Flutterby™! : Happiness, ecological footprint & the 'burbs

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Happiness, ecological footprint & the 'burbs

2006-07-24 14:50:17.729464+00 by Dan Lyke 1 comments

Mark Hershberger had an interesting note recently contrasting rural living with the big city: An Urbane Hicks View of New York City. While taking nothing away from his life out in Lancaster County, Pennsylvania (a place bike racer Floyd Landis talks about leaving because "...I wanted something else") and rural Arkansas, Mark notes that maybe the big city life may not be all that bad:

I'm still not sure if I'd want to raise my children in New York, but after reading more about the city, after watching children wandering around Manhattan, after seeing a group of 12-year-old skateboarders ride the PATH to New Jersey by themselves, I begin to see the fascinating possibilities.

And in the essay he links to an article that claims that New York is America's Greenest City, talking about how that population density allows for economies of scale that just can't happen elsewhere.

Then in Arts & Letters Daily I run across a link to Some Dark Thoughts on Happiness (alternate link) which points out that a quiz at the University of Pennsylvania's Positive Psychology Center shows rural areas tend to be happy, and Manhattan... well... the author starts with the happiest place in the country, Branson Missouri, and continues:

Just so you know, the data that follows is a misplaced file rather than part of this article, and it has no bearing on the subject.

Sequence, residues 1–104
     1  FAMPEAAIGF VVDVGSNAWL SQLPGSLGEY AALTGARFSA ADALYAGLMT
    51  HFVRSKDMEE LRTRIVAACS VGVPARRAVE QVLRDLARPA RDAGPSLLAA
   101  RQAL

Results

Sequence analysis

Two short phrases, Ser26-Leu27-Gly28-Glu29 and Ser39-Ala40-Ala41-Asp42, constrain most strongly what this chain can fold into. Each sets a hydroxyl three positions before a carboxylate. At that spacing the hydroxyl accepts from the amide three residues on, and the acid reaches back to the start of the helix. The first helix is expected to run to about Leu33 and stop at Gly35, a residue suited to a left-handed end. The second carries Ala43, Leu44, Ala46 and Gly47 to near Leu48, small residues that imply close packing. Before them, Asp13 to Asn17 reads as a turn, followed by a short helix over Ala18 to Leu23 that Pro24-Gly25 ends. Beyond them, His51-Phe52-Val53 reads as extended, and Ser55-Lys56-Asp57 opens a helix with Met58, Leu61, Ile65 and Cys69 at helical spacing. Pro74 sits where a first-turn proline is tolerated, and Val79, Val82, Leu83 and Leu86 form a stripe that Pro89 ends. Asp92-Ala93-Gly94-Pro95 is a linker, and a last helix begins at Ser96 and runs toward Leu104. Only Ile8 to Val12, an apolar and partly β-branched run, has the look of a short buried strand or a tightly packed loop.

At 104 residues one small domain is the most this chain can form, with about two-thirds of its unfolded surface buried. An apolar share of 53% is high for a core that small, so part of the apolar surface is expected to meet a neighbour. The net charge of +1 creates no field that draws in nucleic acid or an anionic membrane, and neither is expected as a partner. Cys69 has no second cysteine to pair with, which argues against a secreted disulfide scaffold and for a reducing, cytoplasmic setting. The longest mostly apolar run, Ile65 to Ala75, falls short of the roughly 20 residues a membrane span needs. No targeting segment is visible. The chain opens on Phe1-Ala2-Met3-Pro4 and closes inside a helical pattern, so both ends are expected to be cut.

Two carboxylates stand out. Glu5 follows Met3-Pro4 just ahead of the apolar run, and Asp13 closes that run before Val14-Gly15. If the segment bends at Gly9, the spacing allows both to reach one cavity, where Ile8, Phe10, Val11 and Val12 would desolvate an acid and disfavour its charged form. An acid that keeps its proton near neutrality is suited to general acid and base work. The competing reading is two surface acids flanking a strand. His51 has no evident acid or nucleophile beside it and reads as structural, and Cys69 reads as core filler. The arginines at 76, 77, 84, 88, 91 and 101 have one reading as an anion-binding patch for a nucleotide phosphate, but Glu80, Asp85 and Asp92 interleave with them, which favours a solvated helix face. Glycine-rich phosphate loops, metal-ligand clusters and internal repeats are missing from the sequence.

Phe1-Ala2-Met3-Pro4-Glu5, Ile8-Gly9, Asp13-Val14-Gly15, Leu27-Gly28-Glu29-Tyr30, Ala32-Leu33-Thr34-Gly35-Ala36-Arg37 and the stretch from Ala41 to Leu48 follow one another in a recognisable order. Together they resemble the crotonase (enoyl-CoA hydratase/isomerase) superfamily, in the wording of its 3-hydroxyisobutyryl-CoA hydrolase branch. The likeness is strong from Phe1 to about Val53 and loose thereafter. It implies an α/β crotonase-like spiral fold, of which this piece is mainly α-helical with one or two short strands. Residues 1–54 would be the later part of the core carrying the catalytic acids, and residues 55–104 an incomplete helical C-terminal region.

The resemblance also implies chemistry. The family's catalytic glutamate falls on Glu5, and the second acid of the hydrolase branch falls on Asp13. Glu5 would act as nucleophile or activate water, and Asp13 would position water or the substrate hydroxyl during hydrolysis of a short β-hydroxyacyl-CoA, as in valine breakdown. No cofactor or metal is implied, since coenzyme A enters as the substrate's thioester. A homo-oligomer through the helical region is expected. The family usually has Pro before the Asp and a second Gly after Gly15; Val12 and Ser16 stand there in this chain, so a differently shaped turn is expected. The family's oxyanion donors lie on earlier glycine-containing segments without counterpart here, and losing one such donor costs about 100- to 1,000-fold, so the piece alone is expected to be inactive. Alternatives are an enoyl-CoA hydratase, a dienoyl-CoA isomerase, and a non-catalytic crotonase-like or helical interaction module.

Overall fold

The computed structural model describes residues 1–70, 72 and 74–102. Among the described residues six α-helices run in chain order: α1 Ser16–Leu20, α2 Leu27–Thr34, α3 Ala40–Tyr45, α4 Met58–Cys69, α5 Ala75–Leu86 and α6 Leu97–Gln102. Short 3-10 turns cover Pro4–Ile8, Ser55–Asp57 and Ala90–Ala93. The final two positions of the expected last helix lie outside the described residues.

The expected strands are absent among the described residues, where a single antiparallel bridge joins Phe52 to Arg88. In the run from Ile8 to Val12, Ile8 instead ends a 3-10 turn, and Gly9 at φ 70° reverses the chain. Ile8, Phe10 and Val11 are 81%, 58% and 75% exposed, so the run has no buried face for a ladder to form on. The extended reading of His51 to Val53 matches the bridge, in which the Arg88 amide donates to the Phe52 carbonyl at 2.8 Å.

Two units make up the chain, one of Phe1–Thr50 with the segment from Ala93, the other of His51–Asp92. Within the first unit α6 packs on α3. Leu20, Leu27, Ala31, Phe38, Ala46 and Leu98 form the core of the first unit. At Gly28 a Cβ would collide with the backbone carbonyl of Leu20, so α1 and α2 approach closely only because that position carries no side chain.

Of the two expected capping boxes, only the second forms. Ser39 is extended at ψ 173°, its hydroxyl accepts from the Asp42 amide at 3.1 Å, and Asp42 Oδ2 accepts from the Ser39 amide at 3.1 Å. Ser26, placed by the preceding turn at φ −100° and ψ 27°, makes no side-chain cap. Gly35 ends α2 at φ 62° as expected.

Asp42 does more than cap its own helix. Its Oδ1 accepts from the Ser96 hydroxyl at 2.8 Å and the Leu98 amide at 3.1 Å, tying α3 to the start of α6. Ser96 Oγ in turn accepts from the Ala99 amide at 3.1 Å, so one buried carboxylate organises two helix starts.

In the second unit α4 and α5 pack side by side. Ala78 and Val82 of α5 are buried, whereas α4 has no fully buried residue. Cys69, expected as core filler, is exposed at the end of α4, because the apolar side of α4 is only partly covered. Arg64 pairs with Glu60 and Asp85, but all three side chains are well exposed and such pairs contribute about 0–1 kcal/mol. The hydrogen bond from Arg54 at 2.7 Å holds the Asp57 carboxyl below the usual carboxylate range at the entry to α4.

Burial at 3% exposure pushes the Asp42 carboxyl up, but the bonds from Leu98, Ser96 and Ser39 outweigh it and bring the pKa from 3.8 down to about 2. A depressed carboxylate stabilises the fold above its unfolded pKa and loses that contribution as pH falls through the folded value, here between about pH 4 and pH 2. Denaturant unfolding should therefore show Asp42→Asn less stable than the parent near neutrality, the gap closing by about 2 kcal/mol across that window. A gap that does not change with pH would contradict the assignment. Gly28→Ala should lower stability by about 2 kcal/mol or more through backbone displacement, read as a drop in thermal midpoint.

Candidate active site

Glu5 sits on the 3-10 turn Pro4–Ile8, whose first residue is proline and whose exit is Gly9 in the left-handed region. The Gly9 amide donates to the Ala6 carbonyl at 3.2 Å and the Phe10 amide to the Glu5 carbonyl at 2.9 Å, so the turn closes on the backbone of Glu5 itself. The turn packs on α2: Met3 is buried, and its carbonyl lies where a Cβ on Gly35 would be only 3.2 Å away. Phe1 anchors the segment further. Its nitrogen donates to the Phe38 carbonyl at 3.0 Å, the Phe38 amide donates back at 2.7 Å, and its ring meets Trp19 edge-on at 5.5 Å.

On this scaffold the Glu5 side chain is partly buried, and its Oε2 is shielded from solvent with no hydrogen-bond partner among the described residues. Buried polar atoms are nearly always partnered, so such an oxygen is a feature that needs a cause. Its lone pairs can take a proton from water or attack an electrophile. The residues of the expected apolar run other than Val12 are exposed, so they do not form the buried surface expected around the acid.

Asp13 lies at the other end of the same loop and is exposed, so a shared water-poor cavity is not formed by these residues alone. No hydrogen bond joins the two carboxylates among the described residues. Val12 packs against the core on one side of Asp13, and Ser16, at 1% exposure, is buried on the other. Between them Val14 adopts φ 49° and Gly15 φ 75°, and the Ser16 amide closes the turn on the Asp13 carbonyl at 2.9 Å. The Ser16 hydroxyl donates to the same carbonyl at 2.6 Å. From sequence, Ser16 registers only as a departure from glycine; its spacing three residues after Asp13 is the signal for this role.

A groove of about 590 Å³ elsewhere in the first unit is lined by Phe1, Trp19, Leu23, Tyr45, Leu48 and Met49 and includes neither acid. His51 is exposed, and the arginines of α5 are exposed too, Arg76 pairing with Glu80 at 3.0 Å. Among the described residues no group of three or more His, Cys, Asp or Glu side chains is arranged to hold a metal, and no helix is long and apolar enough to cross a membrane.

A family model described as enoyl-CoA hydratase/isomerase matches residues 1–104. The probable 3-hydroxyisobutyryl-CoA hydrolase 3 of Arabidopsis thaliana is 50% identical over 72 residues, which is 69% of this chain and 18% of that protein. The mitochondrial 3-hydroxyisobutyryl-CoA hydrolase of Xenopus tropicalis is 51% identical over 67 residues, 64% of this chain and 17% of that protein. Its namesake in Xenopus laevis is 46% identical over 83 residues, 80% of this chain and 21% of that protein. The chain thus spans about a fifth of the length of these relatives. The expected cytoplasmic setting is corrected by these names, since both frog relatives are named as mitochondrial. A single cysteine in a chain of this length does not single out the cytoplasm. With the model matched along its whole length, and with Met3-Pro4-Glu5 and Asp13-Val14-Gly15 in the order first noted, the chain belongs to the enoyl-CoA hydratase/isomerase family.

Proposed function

Nonetheless, I think the results are kind of interesting. Missoula, Montana. Rural Minnesota. Rural Indiana. Rural Alabama. Savannah, Georgia. The Outer Banks. Is there a theme here? There's a theme here. It seems to run through the Bible Belt and go straight up north. And if you want to know the absolutely most miserable Zip Code — and this is based on a very large number of people — it seems to start with 101.

Thats the prefix assigned to many of the office buildings in midtown Manhattan. Staten Island is also miserable, he adds.

This is, of course, something that I've struggled with, and that we've even touched on here with the discussions about quality of life in Chattanooga versus other places.

At a very young age, when we lived on a block of "little boxes" in San Jose, I remember my dad musing about what it would be like if this were restructured with all the families living in one tower in a corner of the block, and the rest of the block as open space. Shortly afterwards we moved to upstate New York, to a house miles from the nearest store, with hundreds of acres of woods around it (ie: It was to where I live now as where I live now is to the small town we moved from a little under two years ago), where we raised our own sheep, goats and ducks, and had a garden that was over half an acre, and was headed bigger had we stayed there.

As an adult living near San Francisco I now look at urban parks and think "that's what my dad was talking about", but somehow it's not, because despite the advantages of population density there's something lost in the madding crowd. Heck, since moving out to Lagunitas from Fairfax I now know more of my neighbors, and we do more neighborly things together, than occurred in the nine and a half years I lived in closer proximity to them. And yesterday a tree fell across our road and someone else got it cut and moved aside in the time it took me to walk home, grab a saw, and walk back. Contrast that to any number of maintenance of public space issues that I've experienced in higher density areas.